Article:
Shanika's conviction for second-degree murder likewise could have been affected by the erroneous instruction that a defendant is liable for her accomplices' use of a weapon if she merely had reason to know they were armed.   For as she points out, the jury was permitted to infer from the use of a weapon that a defendant had the heightened mens rea required for second-degree murder.50  Conceivably, therefore, the erroneous instruction could have led the jury to find that Shanika satisfied the heightened mens rea requirement of second-degree murder based on proof that she had a less culpable mental state—not actual knowledge of her accomplices' possession of a weapon, but only reason to know they were armed (a mental state akin to negligence 51 ).  If that is what occurred, the erroneous instruction impermissibly lowered the government's burden of proving an essential element (the mens rea ) of unarmed second-degree murder.52  That possibility renders it inappropriate to enter judgment against Shanika on that lesser-included offense.

Accordingly, we reverse Shanika Robinson's convictions for each of the four “while armed” offenses and remand for a new trial on those counts of the indictment.   However, in lieu of retrial on the armed robbery and armed second-degree burglary counts, the trial court may, with the consent of the government, enter judgments of conviction against Shanika on the lesser-included offenses of unarmed robbery and unarmed second-degree burglary.

B. Leon Robinson's Claims

Leon Robinson's main claim on appeal is that the trial court abused its discretion in denying his mid-trial motion for severance because he and Shanika were presenting irreconcilable defenses.   We have said that to demonstrate an abuse of discretion in such a denial of severance, an appellant “must show not simply prejudice, but that [he or she] suffered manifest prejudice from the joinder.” 53  As a general matter, “ ‘a trial court should grant a severance under [Criminal] Rule 14 [54 ] only if there is a serious risk that a joint trial would compromise a specific trial right of one of the defendants, or prevent the jury from making a reliable judgment about guilt or innocence.’ ” 55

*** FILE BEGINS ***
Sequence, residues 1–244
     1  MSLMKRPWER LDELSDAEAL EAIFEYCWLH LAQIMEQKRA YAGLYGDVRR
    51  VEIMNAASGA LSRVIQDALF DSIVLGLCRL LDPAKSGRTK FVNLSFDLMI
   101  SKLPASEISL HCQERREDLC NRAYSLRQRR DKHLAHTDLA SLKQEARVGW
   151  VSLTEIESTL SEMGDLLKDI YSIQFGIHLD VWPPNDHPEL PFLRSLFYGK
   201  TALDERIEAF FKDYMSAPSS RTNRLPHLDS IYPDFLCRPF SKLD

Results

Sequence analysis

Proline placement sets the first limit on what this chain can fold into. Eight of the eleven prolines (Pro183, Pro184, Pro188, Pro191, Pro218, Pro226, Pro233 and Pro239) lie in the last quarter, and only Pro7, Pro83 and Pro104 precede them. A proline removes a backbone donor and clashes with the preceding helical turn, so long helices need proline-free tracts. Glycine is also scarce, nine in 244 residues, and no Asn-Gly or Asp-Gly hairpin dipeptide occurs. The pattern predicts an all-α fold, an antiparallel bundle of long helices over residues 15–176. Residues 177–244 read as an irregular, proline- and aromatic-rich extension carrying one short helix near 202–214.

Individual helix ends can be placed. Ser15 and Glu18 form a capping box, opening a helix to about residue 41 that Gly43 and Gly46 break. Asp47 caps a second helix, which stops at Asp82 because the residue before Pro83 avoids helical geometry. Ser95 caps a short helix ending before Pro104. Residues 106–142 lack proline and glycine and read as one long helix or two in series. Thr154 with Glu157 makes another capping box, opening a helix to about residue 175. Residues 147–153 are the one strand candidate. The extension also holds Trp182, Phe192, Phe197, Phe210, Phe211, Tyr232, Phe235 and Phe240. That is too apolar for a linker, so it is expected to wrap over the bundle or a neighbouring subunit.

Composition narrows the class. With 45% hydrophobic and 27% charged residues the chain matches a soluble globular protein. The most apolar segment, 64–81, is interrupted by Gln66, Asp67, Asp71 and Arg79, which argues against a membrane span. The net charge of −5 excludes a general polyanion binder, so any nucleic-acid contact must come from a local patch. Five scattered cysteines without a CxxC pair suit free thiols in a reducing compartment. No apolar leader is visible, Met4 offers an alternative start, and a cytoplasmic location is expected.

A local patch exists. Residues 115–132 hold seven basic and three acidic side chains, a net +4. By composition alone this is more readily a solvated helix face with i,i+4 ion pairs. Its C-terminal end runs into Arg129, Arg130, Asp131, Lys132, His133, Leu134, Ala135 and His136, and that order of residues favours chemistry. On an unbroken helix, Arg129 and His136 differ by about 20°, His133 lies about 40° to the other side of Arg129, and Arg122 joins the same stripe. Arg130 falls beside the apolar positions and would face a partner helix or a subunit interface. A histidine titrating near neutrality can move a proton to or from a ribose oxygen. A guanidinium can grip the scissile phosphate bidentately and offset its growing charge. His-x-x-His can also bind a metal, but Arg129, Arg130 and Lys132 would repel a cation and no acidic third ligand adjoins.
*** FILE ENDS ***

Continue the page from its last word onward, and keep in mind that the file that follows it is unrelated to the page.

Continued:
It is true that the defenses presented by Leon and Shanika were incompatible:  Leon denied being present at the scene of the robbery and murder, while Shanika put him there and implicated him as one of the two assailants (though she did not actually testify that he committed the murder).   However, “[i]t is well-settled that mutually antagonistic defenses are not prejudicial per se, and the mere fact that co-defendants' defenses are separate, distinct and antagonistic and that each may have a better chance at acquittal if tried separately is not sufficient for a grant of severance.” 56  In numerous cases similar to this one, we accordingly have found no abuse of discretion in the denial of severance.57

Leon has failed to make the strong showing of prejudice necessary to entitle him to a reversal of his convictions.   He has neither indicated that a specific trial right was compromised nor adduced any reason to believe the jury was disabled from fairly adjudicating his guilt.   The admission of Shanika's damaging testimony was not unfairly prejudicial, for she “testified under oath and was subject to cross-examination like every other witness.” 58  And even apart from that testimony, the evidence of Leon's guilt was quite strong and well “beyond that required for the government to survive a motion for judgment of acquittal.” 59  Accordingly, we reject Leon's severance claim.60

III.

For the foregoing reasons, we reverse Shanika Robinson's convictions on four counts of the indictment for armed robbery, armed second-degree burglary, felony murder while armed with the predicate felony of armed robbery, and second-degree murder while armed, and remand for further proceedings vis-à-vis

those counts in accordance with this opinion.   In all other respects, we affirm the judgments on appeal.61

So ordered.

FOOTNOTES

FN1. Supplemental post-argument briefing at the court's request was completed by March 10, 2014..  FN1. Supplemental post-argument briefing at the court's request was completed by March 10, 2014.